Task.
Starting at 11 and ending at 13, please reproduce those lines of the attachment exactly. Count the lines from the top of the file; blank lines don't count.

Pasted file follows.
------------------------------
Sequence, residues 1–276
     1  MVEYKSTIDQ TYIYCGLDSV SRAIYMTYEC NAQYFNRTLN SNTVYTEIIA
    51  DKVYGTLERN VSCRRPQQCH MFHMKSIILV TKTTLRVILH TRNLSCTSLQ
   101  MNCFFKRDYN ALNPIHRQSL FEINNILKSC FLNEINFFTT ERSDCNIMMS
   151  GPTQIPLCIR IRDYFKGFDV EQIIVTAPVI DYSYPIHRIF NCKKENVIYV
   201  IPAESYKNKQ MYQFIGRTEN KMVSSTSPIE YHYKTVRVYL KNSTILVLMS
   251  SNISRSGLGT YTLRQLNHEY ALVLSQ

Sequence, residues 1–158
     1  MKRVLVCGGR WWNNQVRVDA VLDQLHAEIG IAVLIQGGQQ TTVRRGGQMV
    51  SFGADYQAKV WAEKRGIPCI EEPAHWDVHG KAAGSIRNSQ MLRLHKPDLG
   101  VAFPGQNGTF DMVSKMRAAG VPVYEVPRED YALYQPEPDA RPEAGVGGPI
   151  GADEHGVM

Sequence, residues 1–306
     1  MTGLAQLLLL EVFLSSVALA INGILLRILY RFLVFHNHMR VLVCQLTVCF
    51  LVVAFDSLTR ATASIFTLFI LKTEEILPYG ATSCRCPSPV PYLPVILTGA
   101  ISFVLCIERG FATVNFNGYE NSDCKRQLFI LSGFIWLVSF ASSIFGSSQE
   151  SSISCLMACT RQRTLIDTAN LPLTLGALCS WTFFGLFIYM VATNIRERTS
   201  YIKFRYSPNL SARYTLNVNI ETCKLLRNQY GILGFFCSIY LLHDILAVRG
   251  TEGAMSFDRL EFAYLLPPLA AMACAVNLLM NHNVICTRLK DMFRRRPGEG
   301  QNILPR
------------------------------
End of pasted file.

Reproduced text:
   101  VAFPGQNGTF DMVSKMRAAG VPVYEVPRED YALYQPEPDA RPEAGVGGPI
   151  GADEHGVM

Sequence, residues 1–306